CT: Did you discover anything new for yourself when you were recording?

DS: It confirmed my faith; even in the most difficult passages full of blood and guts, which people often shy away from or think 'How could a loving God be like that?' But the Bible was written at a particular point in time and years later God was mirrored by Jesus, who said 'If you've seen me you've seen the Father'. In Jesus we meet a God who is full of love and compassion and gentleness – yes, he can be angry, but to see him reflected in Jesus is incredible.

CT: You've recorded the Gospel of St John before.  In what way did this feel different?

DS: It felt very different, because I wasn't just lifting one book from the whole; I was reading it all together. The Gospels are interesting, because they aren't trying to prove anything – well, actually John is, he says he's writing so that people will come to know Jesus.  But they were just men who were getting old, and were putting down what they remembered, which is why there are different versions of the same stories. We remember things differently! I think that proves they are true, rather than not. And actually, reading John in context was really helpful for me.

CT: It took you over 200 hours altogether! What were the challenges?

DS: For me the big challenge was Chronicles – it's filled with numbers, families, names and tribes, and I just thought how am I going to get through this? And then I realised that behind every name was a human being with a life, so I told myself not to rush it, to remember that it would have originally been read out loud to people who would have known those people, and it would have meant a lot to them, so it should to me too! These people had families and lives, just like you and I do.

CT: Some of the names are pretty difficult to pronounce though aren't they?

DS: Oh goodness me yes! I had people behind the glass coaching me in the recording studio.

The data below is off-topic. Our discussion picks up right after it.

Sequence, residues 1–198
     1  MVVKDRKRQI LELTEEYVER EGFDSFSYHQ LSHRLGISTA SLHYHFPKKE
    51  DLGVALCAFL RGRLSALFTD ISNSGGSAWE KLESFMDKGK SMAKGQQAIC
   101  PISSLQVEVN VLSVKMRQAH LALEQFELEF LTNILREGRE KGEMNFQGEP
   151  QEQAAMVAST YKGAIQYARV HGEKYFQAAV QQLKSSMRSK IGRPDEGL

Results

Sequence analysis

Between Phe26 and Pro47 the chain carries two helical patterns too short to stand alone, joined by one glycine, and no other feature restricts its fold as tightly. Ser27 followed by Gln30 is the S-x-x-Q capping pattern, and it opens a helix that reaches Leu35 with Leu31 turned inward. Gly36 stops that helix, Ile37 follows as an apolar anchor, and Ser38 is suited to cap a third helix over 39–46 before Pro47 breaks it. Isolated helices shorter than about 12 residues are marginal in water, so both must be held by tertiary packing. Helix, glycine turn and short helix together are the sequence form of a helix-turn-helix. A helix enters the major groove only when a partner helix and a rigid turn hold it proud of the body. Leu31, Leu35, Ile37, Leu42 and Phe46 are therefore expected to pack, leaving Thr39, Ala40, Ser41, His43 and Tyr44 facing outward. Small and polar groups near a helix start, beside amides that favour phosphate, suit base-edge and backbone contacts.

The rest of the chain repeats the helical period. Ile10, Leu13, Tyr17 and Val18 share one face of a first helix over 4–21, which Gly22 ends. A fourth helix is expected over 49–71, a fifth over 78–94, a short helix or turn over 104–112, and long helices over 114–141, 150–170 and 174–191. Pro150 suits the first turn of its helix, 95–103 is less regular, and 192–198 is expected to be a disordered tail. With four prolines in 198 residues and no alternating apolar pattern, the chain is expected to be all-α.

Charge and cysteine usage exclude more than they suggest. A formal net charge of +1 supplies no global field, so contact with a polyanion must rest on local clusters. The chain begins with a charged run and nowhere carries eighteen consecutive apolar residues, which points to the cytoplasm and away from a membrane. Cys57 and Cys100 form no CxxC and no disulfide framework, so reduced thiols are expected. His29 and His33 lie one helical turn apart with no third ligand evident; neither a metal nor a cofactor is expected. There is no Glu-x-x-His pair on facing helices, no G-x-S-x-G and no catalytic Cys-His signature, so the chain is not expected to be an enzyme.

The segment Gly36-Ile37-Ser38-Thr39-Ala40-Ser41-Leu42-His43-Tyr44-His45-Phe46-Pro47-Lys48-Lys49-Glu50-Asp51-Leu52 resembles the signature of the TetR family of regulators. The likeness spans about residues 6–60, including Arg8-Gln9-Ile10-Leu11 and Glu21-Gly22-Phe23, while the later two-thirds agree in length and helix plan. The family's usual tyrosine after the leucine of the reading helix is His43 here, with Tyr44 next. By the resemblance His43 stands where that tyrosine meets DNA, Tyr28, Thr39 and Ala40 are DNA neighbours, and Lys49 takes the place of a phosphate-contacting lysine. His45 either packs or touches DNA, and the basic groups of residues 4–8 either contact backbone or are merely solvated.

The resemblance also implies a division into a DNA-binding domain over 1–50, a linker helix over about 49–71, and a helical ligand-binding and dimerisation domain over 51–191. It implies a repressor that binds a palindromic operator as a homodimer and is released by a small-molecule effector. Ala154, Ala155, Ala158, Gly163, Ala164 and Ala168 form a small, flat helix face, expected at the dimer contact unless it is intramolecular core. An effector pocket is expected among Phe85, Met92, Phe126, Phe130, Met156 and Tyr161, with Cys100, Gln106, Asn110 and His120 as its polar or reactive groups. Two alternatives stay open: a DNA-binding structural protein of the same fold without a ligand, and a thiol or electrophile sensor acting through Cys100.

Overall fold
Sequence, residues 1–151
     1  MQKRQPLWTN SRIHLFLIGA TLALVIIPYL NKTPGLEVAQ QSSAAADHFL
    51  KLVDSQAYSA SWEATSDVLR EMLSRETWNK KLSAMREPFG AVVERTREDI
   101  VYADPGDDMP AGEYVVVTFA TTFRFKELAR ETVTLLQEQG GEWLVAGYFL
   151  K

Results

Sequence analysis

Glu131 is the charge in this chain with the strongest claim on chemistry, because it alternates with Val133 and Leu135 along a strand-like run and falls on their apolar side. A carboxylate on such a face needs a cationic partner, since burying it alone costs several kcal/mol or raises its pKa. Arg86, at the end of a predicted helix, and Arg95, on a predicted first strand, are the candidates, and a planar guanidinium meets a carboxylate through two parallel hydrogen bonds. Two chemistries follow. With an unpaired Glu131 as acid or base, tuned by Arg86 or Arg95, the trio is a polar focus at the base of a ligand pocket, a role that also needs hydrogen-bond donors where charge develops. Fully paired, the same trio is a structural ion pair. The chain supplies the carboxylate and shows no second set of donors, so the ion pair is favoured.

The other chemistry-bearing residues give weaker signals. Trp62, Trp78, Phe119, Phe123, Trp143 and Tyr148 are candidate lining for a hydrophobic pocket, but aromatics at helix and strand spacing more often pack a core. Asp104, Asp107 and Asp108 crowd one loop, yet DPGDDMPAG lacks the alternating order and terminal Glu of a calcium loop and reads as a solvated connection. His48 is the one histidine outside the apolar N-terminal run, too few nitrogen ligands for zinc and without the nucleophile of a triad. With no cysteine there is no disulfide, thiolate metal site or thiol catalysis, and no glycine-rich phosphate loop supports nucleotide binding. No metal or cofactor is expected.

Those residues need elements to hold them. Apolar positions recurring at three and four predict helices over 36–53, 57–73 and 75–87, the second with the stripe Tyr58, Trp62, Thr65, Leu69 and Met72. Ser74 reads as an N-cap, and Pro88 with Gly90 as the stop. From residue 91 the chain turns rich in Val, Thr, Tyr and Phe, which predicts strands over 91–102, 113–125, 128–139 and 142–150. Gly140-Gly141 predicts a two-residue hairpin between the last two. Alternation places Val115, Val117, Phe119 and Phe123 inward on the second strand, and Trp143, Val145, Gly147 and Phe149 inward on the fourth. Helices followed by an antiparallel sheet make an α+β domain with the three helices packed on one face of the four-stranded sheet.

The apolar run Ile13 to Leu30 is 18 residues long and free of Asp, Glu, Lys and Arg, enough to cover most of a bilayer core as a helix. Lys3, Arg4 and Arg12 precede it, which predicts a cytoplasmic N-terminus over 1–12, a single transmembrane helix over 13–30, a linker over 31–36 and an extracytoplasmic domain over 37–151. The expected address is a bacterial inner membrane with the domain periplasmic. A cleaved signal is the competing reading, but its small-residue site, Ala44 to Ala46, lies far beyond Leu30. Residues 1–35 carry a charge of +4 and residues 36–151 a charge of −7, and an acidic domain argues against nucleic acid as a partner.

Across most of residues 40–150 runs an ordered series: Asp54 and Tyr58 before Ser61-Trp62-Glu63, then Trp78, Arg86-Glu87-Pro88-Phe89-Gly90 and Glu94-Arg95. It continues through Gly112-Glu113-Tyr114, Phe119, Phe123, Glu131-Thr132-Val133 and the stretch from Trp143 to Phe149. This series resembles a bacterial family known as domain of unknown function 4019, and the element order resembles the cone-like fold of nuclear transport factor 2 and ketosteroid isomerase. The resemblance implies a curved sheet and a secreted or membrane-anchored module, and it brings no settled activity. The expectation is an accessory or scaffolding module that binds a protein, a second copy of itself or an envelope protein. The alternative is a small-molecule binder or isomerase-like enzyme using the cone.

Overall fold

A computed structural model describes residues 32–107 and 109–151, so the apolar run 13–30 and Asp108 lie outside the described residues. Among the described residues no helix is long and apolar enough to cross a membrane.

CT: So what are your hopes for the people who listen to the recording?

DS: I hope that it won't necessarily just be Christian people who listen, but those who are just interested to hear what I'm reading too. I want those people to be introduced to a collection of literary works that were written by human beings, inspired by the Great Maker of the sky, and to hear the books that have shaped the whole of Western civilisation.

It really is a wonderful thing to listen to! And the glorious way in which it's being introduced by Hodder with a read along e-book is very exciting, and I hope it will appeal to many.

CT: You've already presented a documentary on St Paul, and now have taken on this project, do you have any further plans to explore the Bible?

DS: I've actually just come back from Israel, Turkey and Rome, where I filmed a documentary called "In the footsteps of St Peter", which was wonderful and I enjoyed very much. We don't hear much about Peter in the Protestant Church, other than as someone who made mistakes, but he was a glorious person and a very charismatic leader of the disciples.

It's the year of religion really, because I'm also about to go on a world tour of my play "The Last Confession" which centres around Pope John Paul I and his early death.

The NIV Audio Bible read by David Suchet is available for pre-order here.